High-tech gadgets and clever storage options boost efficiency in this Atlanta kitchen
Atlanta real estate agent Suzy Smith knows where to put her home-improvement dollars: in the kitchen. With a teenaged daughter soon heading to college, she also anticipates that she and husband Ed will be ready to downsize and sell their home sometime in the next five years. “I told my husband that either we spend the money now and get some enjoyment out of a pretty new kitchen for the next few years or we take a hit when we sell the house,” Suzy explains.
Photography: Emily Jenkins Followill
Produced by Lisa Mowry
Interior and kitchen design: Matthew Quinn, Design Galleria Kitchen & Bath Studio, 351 Peachtree Hills Ave. N.E., Suite 234, Atlanta, GA 30305; 404/261-0111, designgalleria.net .
Range Wall Before
While the kitchen in their eight-year-old home was satisfactory, it wasn’t going to win any beauty contests—or woo would-be buyers. It was dark, and knots in the wood cabinets were beginning to bleed through the cream-colored glaze. The floor plan had drawbacks, too. Access to the food pantry required walking through the adjacent laundry room, which—oddly—enjoyed prime real estate at the front of the house. When Atlanta kitchen designer Matthew Quinn walked into the kitchen, his first thought was, Where are the windows?
“It was very dark and just didn’t look like the Smiths,” says the designer, who did the couple’s kitchen in a previous house when they were newlyweds. Quinn sized up the space and presented two design options. They could update the kitchen without removing walls or—as Quinn preferred—move the laundry elsewhere, take down the wall dividing the two rooms, and push the kitchen to the front of the house. The latter approach would capture more space, light, and views.
Before: Laundry was inconveniently placed at the front of the house, resulting in space and light issues in the kitchen.
Range Wall After
Suzy agreed the wall and laundry room needed to go, which gained nearly 80 square feet for the new kitchen and a stunning focal-point wall that includes a new range, a stone-and-copper hood, and a tile backsplash set between the arched windows. “Those arched windows are fabulous,” Quinn says, adding that the wall is “the most architecturally important element in the room.”
After: Moving the laundry room upstairs and eliminating a wall captured space for a larger kitchen with a focal-point wall that includes a Wolf range and a François & Co. hood set between original windows.
The hood is handmade with a mixture of ground limestone, marble, and resins that are pressed into a mold, Quinn explains. The copper surface was created by lining the mold with copper dust and then pressing the stone mixture into it. Suzy notes that the hood has the look of sheet metal without the noise of vibrations or the maintenance issues.
While the kitchen space was enlarged from 232 square feet to about 312 square feet, Quinn kept the layout similar because it had worked well for Suzy.
Before: The island was in a good spot in the kitchen, but it needed an upgrade.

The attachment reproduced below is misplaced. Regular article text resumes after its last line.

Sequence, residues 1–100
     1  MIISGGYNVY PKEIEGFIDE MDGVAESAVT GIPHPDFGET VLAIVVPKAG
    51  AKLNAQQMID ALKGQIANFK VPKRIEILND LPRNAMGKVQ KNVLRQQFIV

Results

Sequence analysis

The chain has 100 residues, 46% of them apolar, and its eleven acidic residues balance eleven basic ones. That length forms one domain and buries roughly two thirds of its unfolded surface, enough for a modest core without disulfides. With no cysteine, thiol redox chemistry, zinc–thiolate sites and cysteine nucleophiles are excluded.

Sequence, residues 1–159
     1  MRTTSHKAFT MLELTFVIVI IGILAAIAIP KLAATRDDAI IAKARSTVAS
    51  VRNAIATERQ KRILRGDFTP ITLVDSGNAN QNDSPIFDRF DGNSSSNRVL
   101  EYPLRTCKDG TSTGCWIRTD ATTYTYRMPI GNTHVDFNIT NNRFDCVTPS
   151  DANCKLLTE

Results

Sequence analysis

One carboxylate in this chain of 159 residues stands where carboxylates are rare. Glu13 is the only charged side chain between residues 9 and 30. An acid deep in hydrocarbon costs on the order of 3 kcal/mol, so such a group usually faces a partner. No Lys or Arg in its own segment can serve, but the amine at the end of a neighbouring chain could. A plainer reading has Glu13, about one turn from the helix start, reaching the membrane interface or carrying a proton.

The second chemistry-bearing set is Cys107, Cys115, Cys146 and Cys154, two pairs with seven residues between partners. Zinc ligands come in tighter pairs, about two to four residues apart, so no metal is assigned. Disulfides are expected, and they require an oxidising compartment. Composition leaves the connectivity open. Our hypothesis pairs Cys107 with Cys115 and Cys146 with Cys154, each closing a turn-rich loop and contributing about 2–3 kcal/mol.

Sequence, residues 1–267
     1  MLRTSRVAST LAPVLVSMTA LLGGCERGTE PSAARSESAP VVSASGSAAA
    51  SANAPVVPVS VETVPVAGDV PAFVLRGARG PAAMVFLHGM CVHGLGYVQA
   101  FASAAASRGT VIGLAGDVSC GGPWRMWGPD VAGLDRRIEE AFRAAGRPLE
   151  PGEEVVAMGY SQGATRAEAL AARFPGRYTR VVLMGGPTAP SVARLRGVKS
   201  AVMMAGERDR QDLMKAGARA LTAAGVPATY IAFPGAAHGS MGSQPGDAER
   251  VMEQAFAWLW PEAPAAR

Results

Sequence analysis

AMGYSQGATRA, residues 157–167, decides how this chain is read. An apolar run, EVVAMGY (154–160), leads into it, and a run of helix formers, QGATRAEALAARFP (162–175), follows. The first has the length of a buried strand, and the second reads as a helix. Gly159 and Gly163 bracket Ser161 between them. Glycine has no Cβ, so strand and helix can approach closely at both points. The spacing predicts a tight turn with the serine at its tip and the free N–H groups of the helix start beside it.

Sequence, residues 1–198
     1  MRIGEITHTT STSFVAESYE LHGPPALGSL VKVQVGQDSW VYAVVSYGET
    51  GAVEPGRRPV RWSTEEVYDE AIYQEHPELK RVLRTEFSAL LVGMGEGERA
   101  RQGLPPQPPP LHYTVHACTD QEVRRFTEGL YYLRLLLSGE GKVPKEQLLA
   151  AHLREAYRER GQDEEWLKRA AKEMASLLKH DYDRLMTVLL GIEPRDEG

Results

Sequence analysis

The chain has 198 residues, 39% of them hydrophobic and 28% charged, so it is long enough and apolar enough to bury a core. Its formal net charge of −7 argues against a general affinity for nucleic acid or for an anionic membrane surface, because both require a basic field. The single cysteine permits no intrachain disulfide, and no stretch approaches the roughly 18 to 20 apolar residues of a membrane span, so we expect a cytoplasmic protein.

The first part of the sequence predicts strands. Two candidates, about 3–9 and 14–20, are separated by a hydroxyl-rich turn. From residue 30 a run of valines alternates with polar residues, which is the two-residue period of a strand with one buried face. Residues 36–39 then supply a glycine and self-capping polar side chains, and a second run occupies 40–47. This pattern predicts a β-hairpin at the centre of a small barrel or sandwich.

A 9-foot-long island topped with black walnut and curved on one side provides eating and work surfaces, and houses a microwave, two refrigerator drawers, a pellet ice maker (a must-have for Ed), and a fold-back door that conceals a lift-up shelf for the heavy stand mixer.
After: The island has a walnut top and perimeter countertops are Borneo marble with a matte “leather” finish. Subway tiles by the sink are from Walker Zanger. Faucet is from Kohler. The Smiths were able to keep an existing window valance above the sink.
Nearly all the appliances are integrated into the cabinetry—a Quinn signature. “I prefer something other than a stainless-steel appliance to attract my eye,” he says. To the left of the range, a warming drawer looks like a standard cabinet drawer. The refrigerator, a tall dish cabinet, and the pantry door are camouflaged behind custom mirrored panels with curving lead mullions. “No one can tell the pantry is there. It’s a fun surprise,” Quinn says. The mullion design was inspired by a tiny detail in gates outside the home, he points out.
Mirrored panels and faux drawers mask the pantry’s entrance.
Charging Station Detail
Three “charging station” drawers, one for each family member, are tucked under the countertop near the pantry. Outlets in the back of each velvet-lined drawer allow for charging multiple devices—laptops, phones, and tablets—which keeps the tangle of cords out of sight. Even the television in the dining area is hidden, inset in the wall behind a painting that rises at the touch of a button.
Before: Exposed appliances and traditional cabinets occupied the wall.
Custom wall cabinets made with salvaged heart-pine wood and antiqued glass hold the Smiths’ delicate wineglasses. “When you open the doors, there’s this fabulous wood smell that goes so well with wine,” Quinn says.
After: Custom-made heart-pine cabinets hang on walls painted Benjamin Moore’s “Brandon Beige.” White lacquered cabinetry is from Downsview Kitchens.
The Smiths frequently entertain, and Suzy enjoys working at the island while guests sit on the stools or in the adjoining dining area. “Having a kitchen that is truly the heart of the home, a place where people feel comfortable hanging out, is everything,” she says happily.
The oil painting lifts via a motorized system to reveal a flat-panel TV mounted in the wall. The pine table was painted to match the RH dining chairs.
A coffee machine tucks into a niche on the countertop to the left of the sink. The food processor and small appliances are kept inside the mirrored cabinet.
Rustic metal lanterns with burlap-like tops add texture and a casual, warm vibe and provide soft illumination.